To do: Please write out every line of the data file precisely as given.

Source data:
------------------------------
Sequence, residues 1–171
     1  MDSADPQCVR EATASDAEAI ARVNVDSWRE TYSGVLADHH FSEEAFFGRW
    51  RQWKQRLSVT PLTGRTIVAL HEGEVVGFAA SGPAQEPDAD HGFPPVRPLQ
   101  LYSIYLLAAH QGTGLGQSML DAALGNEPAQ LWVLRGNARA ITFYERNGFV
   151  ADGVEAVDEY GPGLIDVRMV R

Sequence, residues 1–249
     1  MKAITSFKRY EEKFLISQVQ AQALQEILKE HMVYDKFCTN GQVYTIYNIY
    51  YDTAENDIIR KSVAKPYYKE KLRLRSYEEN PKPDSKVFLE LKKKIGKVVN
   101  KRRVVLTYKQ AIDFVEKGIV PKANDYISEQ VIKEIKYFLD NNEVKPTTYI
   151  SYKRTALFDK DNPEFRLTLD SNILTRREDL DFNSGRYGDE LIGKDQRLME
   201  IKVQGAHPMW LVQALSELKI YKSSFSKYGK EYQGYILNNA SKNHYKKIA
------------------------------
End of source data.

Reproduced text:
Sequence, residues 1–171
     1  MDSADPQCVR EATASDAEAI ARVNVDSWRE TYSGVLADHH FSEEAFFGRW
    51  RQWKQRLSVT PLTGRTIVAL HEGEVVGFAA SGPAQEPDAD HGFPPVRPLQ
   101  LYSIYLLAAH QGTGLGQSML DAALGNEPAQ LWVLRGNARA ITFYERNGFV
   151  ADGVEAVDEY GPGLIDVRMV R

Sequence, residues 1–249
     1  MKAITSFKRY EEKFLISQVQ AQALQEILKE HMVYDKFCTN GQVYTIYNIY
    51  YDTAENDIIR KSVAKPYYKE KLRLRSYEEN PKPDSKVFLE LKKKIGKVVN
   101  KRRVVLTYKQ AIDFVEKGIV PKANDYISEQ VIKEIKYFLD NNEVKPTTYI
   151  SYKRTALFDK DNPEFRLTLD SNILTRREDL DFNSGRYGDE LIGKDQRLME
   201  IKVQGAHPMW LVQALSELKI YKSSFSKYGK EYQGYILNNA SKNHYKKIA